In a month book-ended by video footages of the senseless murdering of two unarmed Black men – Ahmaud Arbery was intentionally gunned down in Georgia, by a former police officer and his son whose unsubstantiated citizen’s arrest.claim would have gone unchecked by law-enforcement had the recording of the encounter not been leaked several weeks later. Likewise, George Floyd was handcuffed then casually suffocated to death as his arresting officer kneeled on his neck for 8 minutes and 46 seconds in Minneapolis, Minnesota, while faced down on the ground pleading for his life. This incident would have also gone unchecked had it not been for the footage.
How do these overt abuses of policing(Canada has its cases too) relate to official institutional barriers stifling Black student enrollment in Canadian med schools? They are symptoms of underlying systemic biases that persist only because we Canadians, like our neighbours to the south, may have not seen, may have ignored, or may have dismissed outright the “footages” in the past. This last month we were confronted with not one but two such footages that have stirred many of us. However, all the outpouring of emotions, all the coverage, and the rallying will be for naught if we do not address along with the overt racialized police brutality the more covert indicators of systemic biases and unconscious biases.
What do I mean? Of the 259 U of T medical school graduates, graduating this year only one, Chika Oriuwa the class valedictorian, is Black.5 As sad as the implications of racialized educational and law enforcement disparities maybe they are far from shocking to us who live it. The lack of Black academic and professional representation in Canadian society is of no surprise to any African Canadian that has gone through the Canadian public school system.
In contrast, my 3 years of living in Los Angeles(by no means a bastion of racial impartiality – read Rodney King beating) in which I pursued a masters degree at UCLA allowed me to come into contact with more Black people in academic and professional roles of authority(doctors, industry directors, professors) than in 18 years of going through the public education system followed by 7 years in the workforce in Canada’s most diverse city. The relative population of Black people in both cities are comparable: 8.7% in Los Angeles in 2010 compared to 8.9% in Toronto in 2016.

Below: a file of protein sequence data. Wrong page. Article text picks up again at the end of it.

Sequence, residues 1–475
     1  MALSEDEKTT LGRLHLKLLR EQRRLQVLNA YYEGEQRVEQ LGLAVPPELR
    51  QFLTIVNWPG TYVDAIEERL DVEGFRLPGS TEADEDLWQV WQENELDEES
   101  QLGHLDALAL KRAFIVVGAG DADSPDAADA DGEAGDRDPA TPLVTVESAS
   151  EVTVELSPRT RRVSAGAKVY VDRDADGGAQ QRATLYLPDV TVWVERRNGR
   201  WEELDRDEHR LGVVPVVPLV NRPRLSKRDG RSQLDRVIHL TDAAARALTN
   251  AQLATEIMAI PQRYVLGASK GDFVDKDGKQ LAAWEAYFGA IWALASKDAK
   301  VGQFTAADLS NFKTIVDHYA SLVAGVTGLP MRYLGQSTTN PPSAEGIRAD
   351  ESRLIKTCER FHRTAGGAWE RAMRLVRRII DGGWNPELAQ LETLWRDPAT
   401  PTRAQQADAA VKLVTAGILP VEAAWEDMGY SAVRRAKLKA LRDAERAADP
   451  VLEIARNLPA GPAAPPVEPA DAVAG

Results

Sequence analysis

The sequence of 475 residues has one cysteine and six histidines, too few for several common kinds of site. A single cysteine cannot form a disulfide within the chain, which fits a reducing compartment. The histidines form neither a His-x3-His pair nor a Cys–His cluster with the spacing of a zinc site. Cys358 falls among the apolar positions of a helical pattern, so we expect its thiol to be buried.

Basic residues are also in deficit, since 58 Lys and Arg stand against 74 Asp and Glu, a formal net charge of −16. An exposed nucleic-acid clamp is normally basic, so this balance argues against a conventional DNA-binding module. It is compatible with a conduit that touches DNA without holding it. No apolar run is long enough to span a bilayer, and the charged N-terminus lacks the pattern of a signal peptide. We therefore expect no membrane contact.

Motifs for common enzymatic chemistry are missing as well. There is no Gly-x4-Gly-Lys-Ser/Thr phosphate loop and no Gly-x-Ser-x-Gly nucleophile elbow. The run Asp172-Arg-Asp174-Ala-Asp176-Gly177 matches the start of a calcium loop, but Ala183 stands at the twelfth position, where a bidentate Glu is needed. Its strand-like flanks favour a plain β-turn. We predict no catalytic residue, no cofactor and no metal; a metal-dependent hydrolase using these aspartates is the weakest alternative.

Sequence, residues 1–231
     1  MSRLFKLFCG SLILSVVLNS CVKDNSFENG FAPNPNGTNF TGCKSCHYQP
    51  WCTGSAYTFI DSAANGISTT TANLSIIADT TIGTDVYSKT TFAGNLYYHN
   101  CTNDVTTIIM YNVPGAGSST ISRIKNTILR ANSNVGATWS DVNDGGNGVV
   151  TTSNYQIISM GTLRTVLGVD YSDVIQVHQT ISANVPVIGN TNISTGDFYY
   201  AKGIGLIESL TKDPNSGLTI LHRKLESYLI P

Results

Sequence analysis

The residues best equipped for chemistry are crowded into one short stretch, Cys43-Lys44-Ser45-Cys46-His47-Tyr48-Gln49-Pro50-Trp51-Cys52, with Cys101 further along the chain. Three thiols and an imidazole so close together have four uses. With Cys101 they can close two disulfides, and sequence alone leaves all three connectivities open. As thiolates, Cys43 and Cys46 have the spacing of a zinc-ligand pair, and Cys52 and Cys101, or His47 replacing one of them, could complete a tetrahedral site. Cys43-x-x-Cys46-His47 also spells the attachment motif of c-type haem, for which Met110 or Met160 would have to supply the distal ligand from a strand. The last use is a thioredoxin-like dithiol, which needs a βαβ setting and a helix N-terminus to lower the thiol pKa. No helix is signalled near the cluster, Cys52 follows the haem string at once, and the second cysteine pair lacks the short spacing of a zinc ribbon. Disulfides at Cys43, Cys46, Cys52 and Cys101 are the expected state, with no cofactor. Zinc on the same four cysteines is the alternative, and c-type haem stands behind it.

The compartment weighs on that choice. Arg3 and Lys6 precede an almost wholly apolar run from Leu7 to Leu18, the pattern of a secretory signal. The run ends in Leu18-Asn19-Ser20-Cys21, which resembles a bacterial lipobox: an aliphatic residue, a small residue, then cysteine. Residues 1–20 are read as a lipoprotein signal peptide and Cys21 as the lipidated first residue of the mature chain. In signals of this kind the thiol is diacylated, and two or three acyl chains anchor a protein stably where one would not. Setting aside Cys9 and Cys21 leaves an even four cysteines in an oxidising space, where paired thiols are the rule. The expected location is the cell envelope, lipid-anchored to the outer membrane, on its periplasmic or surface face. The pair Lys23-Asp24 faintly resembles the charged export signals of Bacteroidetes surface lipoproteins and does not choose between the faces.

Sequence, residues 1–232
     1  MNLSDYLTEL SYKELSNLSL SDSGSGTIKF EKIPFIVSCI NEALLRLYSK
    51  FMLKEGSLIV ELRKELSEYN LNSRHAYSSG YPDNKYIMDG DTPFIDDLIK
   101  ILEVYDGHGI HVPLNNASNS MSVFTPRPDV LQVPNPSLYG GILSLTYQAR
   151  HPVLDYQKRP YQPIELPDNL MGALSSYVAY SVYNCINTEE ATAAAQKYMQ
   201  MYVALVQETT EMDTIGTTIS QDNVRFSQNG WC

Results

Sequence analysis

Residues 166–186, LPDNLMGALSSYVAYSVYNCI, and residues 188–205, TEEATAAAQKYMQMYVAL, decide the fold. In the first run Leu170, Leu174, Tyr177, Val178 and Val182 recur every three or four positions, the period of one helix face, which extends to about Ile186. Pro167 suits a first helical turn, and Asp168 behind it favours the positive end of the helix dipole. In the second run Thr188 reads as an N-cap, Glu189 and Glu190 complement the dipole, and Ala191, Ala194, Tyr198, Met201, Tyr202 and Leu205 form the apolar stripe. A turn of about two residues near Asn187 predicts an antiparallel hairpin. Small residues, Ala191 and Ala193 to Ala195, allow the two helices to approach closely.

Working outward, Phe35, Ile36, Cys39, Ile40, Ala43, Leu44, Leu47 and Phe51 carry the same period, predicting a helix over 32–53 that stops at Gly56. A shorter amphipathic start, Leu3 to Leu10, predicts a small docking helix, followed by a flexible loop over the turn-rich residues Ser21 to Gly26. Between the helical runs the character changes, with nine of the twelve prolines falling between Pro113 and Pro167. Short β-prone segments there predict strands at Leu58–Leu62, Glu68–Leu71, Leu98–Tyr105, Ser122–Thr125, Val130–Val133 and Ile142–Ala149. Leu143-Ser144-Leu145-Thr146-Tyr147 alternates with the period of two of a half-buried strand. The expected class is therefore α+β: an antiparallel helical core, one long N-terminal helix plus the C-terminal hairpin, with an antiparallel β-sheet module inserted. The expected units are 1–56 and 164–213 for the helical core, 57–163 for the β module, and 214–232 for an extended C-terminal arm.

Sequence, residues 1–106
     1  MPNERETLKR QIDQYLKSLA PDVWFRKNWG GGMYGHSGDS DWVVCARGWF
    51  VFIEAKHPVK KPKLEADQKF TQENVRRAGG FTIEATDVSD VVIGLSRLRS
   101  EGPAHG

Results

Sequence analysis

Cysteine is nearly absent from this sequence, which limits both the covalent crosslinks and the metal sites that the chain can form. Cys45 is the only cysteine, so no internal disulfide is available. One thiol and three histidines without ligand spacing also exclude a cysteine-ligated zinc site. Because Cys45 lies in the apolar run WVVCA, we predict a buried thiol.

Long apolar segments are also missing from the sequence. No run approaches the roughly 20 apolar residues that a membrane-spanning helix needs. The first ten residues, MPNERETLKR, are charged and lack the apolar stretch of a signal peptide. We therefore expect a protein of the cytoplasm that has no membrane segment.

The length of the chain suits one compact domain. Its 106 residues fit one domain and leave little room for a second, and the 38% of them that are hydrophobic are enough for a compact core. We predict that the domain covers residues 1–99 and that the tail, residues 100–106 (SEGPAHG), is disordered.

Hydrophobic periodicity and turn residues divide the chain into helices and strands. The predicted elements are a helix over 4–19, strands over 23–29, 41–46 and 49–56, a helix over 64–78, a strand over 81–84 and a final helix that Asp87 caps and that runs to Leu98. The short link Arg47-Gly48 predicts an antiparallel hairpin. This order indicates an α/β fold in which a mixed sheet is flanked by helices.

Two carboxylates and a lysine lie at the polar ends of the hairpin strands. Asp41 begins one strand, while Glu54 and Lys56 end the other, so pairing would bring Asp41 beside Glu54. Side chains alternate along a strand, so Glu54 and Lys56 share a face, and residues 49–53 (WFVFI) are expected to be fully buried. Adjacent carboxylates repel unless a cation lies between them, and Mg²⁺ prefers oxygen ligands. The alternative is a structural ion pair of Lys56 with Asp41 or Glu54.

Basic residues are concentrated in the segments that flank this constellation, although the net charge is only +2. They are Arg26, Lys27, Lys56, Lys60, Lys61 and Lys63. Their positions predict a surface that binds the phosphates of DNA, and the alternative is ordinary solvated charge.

To be fair U of T like Queens does seem to be trending in the right direction in large part due to the work of the Black Student Application Program (BSAP). U of T’s medical schools graduating class of 2022 and 2023 have 14-15 Black candidates, respectively,5 and a historic number – 24 – of incoming Black medical students.6
We’ll never know the countless others, would-be doctors, engineers, architects, professors, etc of African ancestry that have fallen through institutional filters not designed for people that look like Oriuwa or myself.
Choosing to believe that such racialized disparities are just natural occurrences is simply choosing to not look at the “footage,” nor is it asking our institutions and ourselves the uncomfortable questions that will redress Canada’s history of racialized biases.
When the Rain Stops, pictured above, is a print media art installation that presents societal ills, often systematically visited on Black bodies, as vignettes falling like rain droplets or tears on an unlikely and diverse set of characters. The artwork suggests, like the proverbial saying – This too shall pass – a time when the present rain or tears will give way to joy.
We all have our unique lens by which we view and understand the world. And even if you are skeptical that our lenses are all that unique I think we can agree that our lenses are shaped in large part by our genetics, our upbringing, our cultural heritage, and particularly by the personal life choices we make. The ancient Greek philosopher Socrates is believed to have made the statement: “The Unexamined Life is Not Worth Living.” This is a powerful statement well worth unpacking for any of us not familiar with it.
If you are not new to this website and are familiar with my previous other posts it’s probably not a shock to you that the primary way that I examine and process the world around me is through my visual art practice. What may not be so obvious is the role words and language plays in shaping not only my own, but all of our perception of reality. In a very real sense what we say to ourselves, our inner mono-log, determines our perception of reality.